Submissions: Your Feedback

Submissions from people and organisations who have agreed to have their feedback published are provided below.

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Submission Number
Cath Lappin
Submission date

Cath Lappin
Para Hills SA 5096

To whom it may concern

Co-design process: Submission for Cath Lappin

My name is Cath Lappin and I am passionate about ensuring our nation stands up and owns its past. I am an Art Therapist who works specifically with children and young people, adults and families who have lived experience of trauma. I work for and co-own Connected Self a company that provides therapeutic supports to children, young people and their families including psychology, creative interventions, consulting, training and more. We are one of the leading providers of Trauma Aware training in South Australia and across Australia. We work closely with schools, child protection and not for profit organisations. I know first hand the impact of intergenerational and complex trauma. I know what can make a difference to people who are working towards healing. I believe in the capacity of us as humans to experience real healing and be able to grow and be our whole selves. I am passionate about our First Nations people having agency in their own lives and to have their connection to land held as a sacred and special part of what it means to be First Nations peoples.

Why do you think the Uluru Statement from the Heart is important?
Uluru Statement from the Heart is important because First Nations people have been seeking to be heard since the arrival of the first fleet. There have been so many times in our history that our First Nations reached out to be heard. There were petitions collected in the 1800's that have been 'lost'. All across our history there has been attempts by First Nation people and their supporters to be acknowledged, heard and a call for for real change to occur. The Uluru Statement is the culmination of all of this time and effort and is a clear and powerful voice calling for a change that will be protected by our constitiution going forward so that this clear strong voice won't get 'lost' or dismissed.

Why is it important for Indigenous people to have a say in the matters that affect them?
Indigenous people have been disempowered and dispossessed. They have been robbed of their birth right and their connections to country, community, elders and ancestors. The impact of colonisation has meant that there have been laws that have actively discriminated against First Nations people. Basic human rights of being able to speak their own languages, be connected to community, land and knowing where they came from and who they are have been taken from them. It is time for Indigenous Australians to have agency in their lives. To have authority in what they know about themselves and their country and community. It is time to heal.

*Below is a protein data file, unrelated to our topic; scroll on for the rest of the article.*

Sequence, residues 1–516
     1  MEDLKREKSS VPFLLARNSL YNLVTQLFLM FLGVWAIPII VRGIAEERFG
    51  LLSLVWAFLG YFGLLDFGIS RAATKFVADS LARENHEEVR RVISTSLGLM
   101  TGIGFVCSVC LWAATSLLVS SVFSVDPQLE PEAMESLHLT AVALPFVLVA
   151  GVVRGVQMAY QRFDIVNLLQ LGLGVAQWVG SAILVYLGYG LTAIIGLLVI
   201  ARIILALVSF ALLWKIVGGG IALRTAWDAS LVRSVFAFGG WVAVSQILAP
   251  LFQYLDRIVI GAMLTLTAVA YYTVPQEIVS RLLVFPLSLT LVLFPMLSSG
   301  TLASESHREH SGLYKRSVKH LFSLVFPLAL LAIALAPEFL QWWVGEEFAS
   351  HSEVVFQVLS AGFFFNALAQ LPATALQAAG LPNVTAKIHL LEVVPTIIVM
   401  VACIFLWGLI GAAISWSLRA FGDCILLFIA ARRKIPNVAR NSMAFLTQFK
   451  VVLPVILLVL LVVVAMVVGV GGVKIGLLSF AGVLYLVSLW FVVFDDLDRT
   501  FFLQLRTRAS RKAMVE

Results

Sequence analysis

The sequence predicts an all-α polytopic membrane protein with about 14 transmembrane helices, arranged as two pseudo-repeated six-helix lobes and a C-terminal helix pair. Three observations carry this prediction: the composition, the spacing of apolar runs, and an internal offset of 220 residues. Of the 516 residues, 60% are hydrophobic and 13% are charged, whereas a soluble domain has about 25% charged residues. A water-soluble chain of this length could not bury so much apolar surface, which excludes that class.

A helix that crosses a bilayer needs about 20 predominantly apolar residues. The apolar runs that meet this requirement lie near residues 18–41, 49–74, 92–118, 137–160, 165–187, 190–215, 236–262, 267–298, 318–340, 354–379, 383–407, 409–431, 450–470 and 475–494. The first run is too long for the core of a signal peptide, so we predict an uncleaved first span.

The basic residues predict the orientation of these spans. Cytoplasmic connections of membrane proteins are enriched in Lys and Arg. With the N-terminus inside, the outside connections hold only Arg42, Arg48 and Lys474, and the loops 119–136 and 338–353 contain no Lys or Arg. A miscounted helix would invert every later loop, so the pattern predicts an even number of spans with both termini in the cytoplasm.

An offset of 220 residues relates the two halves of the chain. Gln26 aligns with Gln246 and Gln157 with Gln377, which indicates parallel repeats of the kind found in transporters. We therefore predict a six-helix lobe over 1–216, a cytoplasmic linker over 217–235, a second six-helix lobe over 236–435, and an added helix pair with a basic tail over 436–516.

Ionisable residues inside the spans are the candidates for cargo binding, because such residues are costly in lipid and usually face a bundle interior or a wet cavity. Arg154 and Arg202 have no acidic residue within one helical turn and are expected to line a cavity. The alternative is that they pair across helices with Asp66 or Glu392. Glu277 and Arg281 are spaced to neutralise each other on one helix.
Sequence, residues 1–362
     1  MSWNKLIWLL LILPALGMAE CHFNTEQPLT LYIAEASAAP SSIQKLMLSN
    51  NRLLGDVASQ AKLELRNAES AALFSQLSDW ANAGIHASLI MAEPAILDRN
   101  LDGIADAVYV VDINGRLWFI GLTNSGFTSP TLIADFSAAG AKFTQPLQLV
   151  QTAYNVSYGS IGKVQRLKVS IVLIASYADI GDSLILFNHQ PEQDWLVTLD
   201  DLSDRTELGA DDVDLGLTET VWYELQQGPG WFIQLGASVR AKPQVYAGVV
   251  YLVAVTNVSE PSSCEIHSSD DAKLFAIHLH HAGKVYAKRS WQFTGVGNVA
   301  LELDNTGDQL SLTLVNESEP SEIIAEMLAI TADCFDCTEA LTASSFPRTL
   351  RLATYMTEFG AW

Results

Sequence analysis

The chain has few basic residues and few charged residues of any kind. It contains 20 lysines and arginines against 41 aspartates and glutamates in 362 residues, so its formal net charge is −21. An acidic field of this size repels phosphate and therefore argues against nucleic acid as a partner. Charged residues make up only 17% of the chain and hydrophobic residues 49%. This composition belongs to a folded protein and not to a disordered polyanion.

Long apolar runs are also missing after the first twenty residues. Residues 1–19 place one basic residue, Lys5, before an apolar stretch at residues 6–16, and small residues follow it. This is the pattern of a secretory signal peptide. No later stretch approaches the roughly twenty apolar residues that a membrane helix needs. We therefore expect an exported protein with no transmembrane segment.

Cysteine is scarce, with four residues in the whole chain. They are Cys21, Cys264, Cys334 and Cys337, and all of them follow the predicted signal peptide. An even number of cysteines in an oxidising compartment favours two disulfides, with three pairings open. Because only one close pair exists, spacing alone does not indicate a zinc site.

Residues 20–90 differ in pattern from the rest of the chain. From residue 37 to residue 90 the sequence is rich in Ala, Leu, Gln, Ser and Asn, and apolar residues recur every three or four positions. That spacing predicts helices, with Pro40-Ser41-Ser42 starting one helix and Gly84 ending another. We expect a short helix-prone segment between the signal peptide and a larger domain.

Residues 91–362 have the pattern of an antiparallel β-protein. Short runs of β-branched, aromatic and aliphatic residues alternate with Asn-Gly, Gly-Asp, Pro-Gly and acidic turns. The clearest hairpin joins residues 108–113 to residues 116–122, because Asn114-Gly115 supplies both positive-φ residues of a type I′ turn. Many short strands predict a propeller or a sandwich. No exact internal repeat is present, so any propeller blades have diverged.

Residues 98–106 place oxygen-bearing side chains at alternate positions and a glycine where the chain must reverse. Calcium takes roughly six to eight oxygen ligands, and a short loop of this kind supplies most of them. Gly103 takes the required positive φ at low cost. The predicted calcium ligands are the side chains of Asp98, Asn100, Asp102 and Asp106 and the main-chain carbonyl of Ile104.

Why do you think it's important to enshrine the Voice to Parliament in the Constitution, rather than include it only in legislation?
First Generations voice needs to be protected by the constitution so that it is not about creating a law but upholding a principle. That we hold this as valued and important as a country.

How could a Voice to Parliament improve the lives of your community?
A voice to Parliament means that we recognise our past and are ready to move forward and offer peace and healing. To ensure that First Nations people are valued and seen as so important to our country and community going forward. To enable Indigenous Australians a new experience in their own country where they are seen as integral to The Australian way of life and living. To enable opportunities for next generations of First Nations people to thrive. We need this for indigenous nation building so that systems and power structures can be adapted to meet a First Nations perspective.

Time to listen deeply - Dadirri has much to teach us!

Thank you,
Cath Lappin